Thirty minutes west of downtown Bujumbura, past the flat, empty swamp lands of Gatumba, along a little two-lane road, is the border between Burundi and the Democratic Republic of Congo (DRC).
When I asked the taxi driver to take me there, he asked why I wanted to go.
—I just want to see it, I said.
He faked a smile and shrugged.
Truth was I wanted to see something other than the Bujumbura the New York Times’ travel section describes as “a freewheeling city of palm trees and colonial-era Art Deco buildings,” an unexpected oasis for expats—great restaurants and nightclubs, charming hotels—smack in the middle of war-torn central Africa.
Burundi is at peace now, but flash back to 1996: for the third time in a decade the government is turned upside down: the president has been overthrown in a military-led coup, even as it is still reeling from the murder of its two previous presidents—one in 1993 and another in 1994. The coup prompts the international community to impose economic sanctions. GDP falls by about 8 percent. The Burundian franc plummets. The government institutes fuel rationing, and all over the countryside, civilians are caught up in a brutal and bloody battle.
Since independence in 1962, ethnic and political conflicts have resulted in five wars in Burundi, left tens of thousands massacred and close to two million displaced or fleeing to neighboring countries.
Burundi has enjoyed several years of relative calm since holding its first successful post-war democratic election in 2005, but at the time of my visit, the international press was describing the country as dangerously close to the brink.
The International Crisis Group, for example, warned that tensions could escalate in the run-up to communal, presidential, then legislative elections, which began in May and continue through September. Opposition parties face harassment and intimidation from police and the ruling party’s youth wing is dangerously volatile, the report said.
Looking out the window of the taxi, I wondered: Where is this Burundi? And if I get away from my hotel, away from the familiar restaurants, offices, and cafes, and just drive, what will I see?
There were—technically—two lanes on the road to the border, but my taxi driver drove straight down the middle. There are always streams of bikes and people, loaded down with mattresses, grass, charcoal, but it was more crowded than usual. The further we went, the thicker traffic became.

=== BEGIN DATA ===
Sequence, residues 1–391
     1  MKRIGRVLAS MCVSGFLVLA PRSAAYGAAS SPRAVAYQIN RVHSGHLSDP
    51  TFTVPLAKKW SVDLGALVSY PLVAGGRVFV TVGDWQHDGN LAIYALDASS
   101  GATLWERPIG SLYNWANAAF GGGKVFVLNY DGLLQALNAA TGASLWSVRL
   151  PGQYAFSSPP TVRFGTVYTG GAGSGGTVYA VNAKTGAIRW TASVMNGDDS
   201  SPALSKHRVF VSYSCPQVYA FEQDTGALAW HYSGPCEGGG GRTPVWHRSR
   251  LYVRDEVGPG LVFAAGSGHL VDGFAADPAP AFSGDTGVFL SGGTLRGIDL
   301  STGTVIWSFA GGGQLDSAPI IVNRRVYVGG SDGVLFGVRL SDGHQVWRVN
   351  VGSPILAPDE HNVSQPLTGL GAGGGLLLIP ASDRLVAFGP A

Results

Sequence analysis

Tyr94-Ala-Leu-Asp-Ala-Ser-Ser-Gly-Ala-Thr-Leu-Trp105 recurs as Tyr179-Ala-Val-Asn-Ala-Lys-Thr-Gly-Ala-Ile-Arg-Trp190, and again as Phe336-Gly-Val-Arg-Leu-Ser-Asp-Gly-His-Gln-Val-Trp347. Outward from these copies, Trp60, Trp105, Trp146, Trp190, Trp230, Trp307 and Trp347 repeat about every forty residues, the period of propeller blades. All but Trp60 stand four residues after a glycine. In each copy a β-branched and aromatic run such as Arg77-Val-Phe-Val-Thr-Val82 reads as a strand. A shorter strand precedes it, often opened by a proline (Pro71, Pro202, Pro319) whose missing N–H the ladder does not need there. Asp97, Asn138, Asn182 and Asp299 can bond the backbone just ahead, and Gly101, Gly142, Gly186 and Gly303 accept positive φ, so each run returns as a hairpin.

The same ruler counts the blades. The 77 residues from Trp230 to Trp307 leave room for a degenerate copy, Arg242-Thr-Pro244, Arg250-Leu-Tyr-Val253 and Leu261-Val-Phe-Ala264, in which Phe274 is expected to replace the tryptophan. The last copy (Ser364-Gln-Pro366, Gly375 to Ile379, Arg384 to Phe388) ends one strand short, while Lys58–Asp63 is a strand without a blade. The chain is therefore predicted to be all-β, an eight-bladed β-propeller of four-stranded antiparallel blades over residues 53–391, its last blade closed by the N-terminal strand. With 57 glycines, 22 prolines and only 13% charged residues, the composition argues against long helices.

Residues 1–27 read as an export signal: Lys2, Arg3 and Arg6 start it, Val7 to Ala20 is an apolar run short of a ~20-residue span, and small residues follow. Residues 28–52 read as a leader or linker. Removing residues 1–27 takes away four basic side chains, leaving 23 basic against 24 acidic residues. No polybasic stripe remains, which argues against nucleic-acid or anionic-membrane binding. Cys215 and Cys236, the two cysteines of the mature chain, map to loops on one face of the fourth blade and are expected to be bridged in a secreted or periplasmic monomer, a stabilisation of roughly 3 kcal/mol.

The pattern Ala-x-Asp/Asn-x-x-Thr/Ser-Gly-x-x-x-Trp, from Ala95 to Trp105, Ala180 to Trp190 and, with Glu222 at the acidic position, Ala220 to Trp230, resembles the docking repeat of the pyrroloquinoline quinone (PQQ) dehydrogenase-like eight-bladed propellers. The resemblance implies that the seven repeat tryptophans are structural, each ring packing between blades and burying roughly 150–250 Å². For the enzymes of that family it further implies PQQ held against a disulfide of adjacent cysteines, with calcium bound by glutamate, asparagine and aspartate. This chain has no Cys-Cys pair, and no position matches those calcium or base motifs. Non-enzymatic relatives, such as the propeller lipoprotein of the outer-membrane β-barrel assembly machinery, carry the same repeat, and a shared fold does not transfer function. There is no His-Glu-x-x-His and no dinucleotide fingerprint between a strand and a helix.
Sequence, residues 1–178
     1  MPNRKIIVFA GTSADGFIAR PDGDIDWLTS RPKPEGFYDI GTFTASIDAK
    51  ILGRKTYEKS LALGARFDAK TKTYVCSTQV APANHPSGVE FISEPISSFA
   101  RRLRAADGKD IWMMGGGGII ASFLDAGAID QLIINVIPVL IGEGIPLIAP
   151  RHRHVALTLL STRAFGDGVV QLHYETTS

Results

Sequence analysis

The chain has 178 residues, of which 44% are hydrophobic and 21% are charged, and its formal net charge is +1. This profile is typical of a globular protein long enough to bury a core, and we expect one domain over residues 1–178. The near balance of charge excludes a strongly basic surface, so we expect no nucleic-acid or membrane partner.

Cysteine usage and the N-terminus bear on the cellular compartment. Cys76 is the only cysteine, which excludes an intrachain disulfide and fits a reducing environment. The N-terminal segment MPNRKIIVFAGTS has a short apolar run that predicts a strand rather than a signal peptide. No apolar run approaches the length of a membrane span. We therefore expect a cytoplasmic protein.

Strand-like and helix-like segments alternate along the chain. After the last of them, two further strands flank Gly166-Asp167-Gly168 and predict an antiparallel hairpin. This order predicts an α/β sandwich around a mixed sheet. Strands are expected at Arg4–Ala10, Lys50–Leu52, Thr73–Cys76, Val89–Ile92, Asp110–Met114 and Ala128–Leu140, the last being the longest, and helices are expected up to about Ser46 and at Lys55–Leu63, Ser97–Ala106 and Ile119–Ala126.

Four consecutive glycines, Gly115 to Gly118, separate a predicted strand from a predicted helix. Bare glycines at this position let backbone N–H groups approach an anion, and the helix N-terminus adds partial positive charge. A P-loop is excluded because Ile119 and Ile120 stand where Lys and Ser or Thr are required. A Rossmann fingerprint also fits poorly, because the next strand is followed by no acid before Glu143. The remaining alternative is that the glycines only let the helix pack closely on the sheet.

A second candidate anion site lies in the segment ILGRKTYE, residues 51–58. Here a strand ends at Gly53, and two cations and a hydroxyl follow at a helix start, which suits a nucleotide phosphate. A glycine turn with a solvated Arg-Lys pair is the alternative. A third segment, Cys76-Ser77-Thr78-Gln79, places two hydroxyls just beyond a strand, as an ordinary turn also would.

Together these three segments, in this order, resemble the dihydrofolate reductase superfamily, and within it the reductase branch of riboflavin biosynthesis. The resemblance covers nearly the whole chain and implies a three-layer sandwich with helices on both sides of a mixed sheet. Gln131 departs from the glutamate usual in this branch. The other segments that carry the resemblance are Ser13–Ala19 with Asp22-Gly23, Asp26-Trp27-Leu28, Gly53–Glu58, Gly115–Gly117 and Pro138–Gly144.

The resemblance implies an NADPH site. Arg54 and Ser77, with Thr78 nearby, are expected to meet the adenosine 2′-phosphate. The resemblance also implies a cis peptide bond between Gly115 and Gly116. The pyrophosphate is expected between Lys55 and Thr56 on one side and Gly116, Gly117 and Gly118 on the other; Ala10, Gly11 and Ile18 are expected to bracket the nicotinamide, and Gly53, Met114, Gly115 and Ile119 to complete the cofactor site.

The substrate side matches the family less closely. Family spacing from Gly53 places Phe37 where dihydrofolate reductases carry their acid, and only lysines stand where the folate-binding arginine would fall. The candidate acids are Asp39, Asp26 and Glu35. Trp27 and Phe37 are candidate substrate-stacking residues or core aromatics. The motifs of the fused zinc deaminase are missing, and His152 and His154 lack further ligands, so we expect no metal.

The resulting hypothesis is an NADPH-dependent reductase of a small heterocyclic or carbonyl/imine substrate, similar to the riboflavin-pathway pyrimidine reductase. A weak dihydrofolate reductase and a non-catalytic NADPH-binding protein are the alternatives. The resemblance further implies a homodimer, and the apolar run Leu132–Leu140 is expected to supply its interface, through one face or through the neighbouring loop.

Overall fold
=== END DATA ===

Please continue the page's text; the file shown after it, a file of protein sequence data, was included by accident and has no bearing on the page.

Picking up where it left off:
Then we saw it from the road: what looked like thousands of people were gathered around a huge stage on a grassy field next to Lake Tanganyika, many wearing tee-shirts and baseball caps with the acronym CNDD emblazoned on them in red. (The CNDD—National Council for the Defense of Democracy—is the political party of Burundian President Pierre Nkurunziza.)
We parked and got out. It felt like the fourth of July. There were flags everywhere (not the Burundian national flag, but the CNDD flag)—fluttering outside shops, draped across the hoods of pickup trucks, strung down peoples' backs like capes, on tree branches and the sides of buses. Young men were talking into loudspeakers, cars were decorated with balloons, groups of men and women were running in step together singing. The rhythmic stomp of their feet against the dirt was like a drum beat. It was buoyant, electric.
I took off my sunglasses and tried to look inconspicuous, which was ridiculous and impossible, especially with a band of barefoot kids following me, giggling. People gave me sideways glances and whispered as I edged my way toward the stage and watched as a man in a black cowboy hat talked forcefully into a microphone, his voice rising and falling like waves in a storm. He began to chant, his fist in the air—Shirira! Shirira!— and the crowd started chanting too. Their voices carried like a shockwave through the open air, reverberated like an insistent, pulsating eruption.
I looked at my driver. His face was grave and strained.
We turned to leave, and in the car, I asked him about the slogan they were chanting. What does it mean?
—It’s to make people afraid, he said.
I shook my head: I don’t understand.
He scratched his chin, and looked out the window. “Comme allumer,” he said. “It means to light up. To set on fire.”
I called a Burundian friend back in town and told her breathlessly: We must meet! You won’t believe what I saw!
She was unmoved: Don’t be fooled by all those people, she said. They are poor, they are given tee-shirts and food. Just because they are there does not mean they support the CNDD.
She told me that “meetings” like the one I’d seen were a dime a dozen in Bujumbura—there was nothing special about the rally I’d happened upon. And this specter of violence I'd read so much about? Unlikely, she told me.
"This is the problem: foreigners come here, and they see things and are told things, but they don't know how to interpret it. Most of what you read in the newspapers is wrong."
The art of reporting is more difficult than is generally assumed.
It's twilight and I'm sitting outside my hotel room at Ubuntu, watching a pair of cranes prance across the lawn. The air is filled with the rustle of palm trees, the quiet murmur of conversation and clink of china from nearby tables. Lake Tanganyika is just across the street. Its cool, silvery vastness conveys a tranquility that belies Burundi’s troubled past.
Then I hear it again—the pounding of feet and faint, distant chanting. I turn my head but I can’t quite make out where the sound is coming from.
Beyond the lake, the Congolese mountains, normally a tower of massive gray solidity, are obscured in the clouds, hidden.
(Nkurunziza was re-elected for another five year-term in June, with 91.62 percent of the vote. Observers praised the calm surrounding the election, but the government was heavily criticized for limiting freedom of expression. All six opposition candidates boycotted the vote following complaints of fraud in district elections in May.)